Speeding Is A Common Factor In Injury Accidents
Speeding is one of those driver behaviors everyone agrees is risky and dangerous, but many still do it anyway. If you’re running late, it might seem tempting to push the pedal that extra 5 to 10 mph. The reality is, it doesn’t get you there all that much faster, and it can significantly increase the severity of a collision.
Biomechanical researchers and expert witnesses have concluded that a pedestrian struck at 35 mph is almost twice as likely to suffer fatal injuries as a pedestrian struck by a vehicle traveling 30 mph. This is a big part of the reason why speed limits are set so low and why speeding violation fines in road construction zones are so high.
It’s well known that speed kills. The Wisconsin Department of Transportation (WisDOT) reports the following 15-year average for speed-related annual crash statistics:
- Speed-related crashes — 18,903 (12 percent of the total)
- Speed-related deaths — 161 (32 percent of the total)
- Speed-related injuries — 7,713 (27 percent of the total)
The car accident attorneys at Lein Law Offices in Hayward know that when there is a crash with injuries followed by a personal injury or wrongful death claim for damages, the question of speed and its role in causation is often at issue.
How Speed Factors Into Car Accident Lawsuits
Speeding is dangerous because it can reduce a driver’s reaction time if they need to stop. It can make it more difficult to safely negotiate curves and turns. It can make it more difficult for other drivers, pedestrians and bicyclists to accurately judge how much time they have before the approaching vehicle is in the danger zone. Finally, the sheer force of higher energy is going to make the crash that much more serious. The National Highway Traffic Safety Administration (NHTSA) reports crashes that occur at speeds over 65 mph are more than five times as likely to result in a traffic fatality compared to a crash that occurs at or below 40 mph.
Speed is the leading cause of fatal car accidents nationwide and has held the top spot for decades. Even when motorists obey the posted speed limit, it may still be a factor. Excess speed refers not just to going faster than the statutory limit set by the Wisconsin Department of Transportation, but also to situations where a driver is going too fast for conditions.
Wis. Stat. Ann. § 346.57 sets speed restrictions in the state, with a provision indicating no person should drive faster than what is reasonable and prudent given the conditions and with regard for actual and potential hazards. Speed needs to be under control to the degree one can avoid a crash when using due care.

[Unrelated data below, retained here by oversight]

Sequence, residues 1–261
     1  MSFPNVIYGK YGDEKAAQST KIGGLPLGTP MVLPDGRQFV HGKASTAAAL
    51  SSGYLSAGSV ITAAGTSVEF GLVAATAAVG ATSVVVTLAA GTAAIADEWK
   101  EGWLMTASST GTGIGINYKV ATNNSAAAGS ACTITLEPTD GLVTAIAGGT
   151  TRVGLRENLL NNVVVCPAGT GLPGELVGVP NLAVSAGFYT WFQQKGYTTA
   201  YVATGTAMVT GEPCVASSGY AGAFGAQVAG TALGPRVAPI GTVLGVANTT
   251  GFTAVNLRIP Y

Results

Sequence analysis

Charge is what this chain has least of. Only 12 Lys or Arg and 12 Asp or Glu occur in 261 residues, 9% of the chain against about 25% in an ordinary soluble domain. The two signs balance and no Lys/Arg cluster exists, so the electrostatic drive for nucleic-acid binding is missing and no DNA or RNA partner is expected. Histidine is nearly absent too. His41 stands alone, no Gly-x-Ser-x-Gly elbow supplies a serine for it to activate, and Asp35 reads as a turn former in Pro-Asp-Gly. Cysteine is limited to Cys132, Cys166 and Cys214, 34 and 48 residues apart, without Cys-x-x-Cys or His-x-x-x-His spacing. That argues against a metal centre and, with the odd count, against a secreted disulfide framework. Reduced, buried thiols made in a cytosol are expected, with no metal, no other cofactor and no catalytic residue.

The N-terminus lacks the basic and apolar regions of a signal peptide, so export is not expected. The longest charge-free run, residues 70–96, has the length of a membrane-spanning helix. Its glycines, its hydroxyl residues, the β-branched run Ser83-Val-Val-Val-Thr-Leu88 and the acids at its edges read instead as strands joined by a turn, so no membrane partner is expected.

When Slowing Down Is The Law
The law also specifies a series of conditions wherein you may be required to slow down, even if there is no sign. Examples include:
- When approaching and crossing an intersection or railway grade crossing
- When approaching or going around a curve or over a hillcrest
- When upon any winding or narrow roadway
- When passing school children (school zones where children, crossing guards or flashing light are present are set at 15 mph)
- When passing highway maintenance or construction workers, sanitation workers
- When passing any pedestrian
- When special hazards exist, whether due to other traffic (i.e., a traffic jam) or weather conditions (snow, ice, rain, fog, etc.), or highway conditions
- When passing emergency crews, law enforcement or safety workers
Despite all these clear-cut provisions, WisDOT reports plenty of people are still quick to push their luck. WisDOT reports speeding is the most common traffic conviction in Wisconsin, with an estimated 142,000 convicted in a single recent year for violating the posted speed limit and another 7,500 convicted for either driving at an imprudent speed or too fast for conditions.
It’s important to note that excess speed in and of itself doesn’t necessarily equal causation in a crash. However, it can be used to assert negligence per se (meaning negligence by itself) and could be used to establish some degree of liability if it resulted in a worse outcome. So long as a plaintiff’s percentage of fault doesn’t exceed the defendant’s, the plaintiff can still collect damages. Wisconsin’s comparative fault law stipulates that a plaintiff’s contributory negligence is measured separately against the negligence of each defendant found to be causally negligent.
We Will Review Every Aspect Of Your Accident
If you are involved in a car accident or a collision in Hayward or Winter that resulted in injuries and speed was a factor, our dedicated injury lawyers are available to answer your questions, determine your legal rights and fight for fair compensation.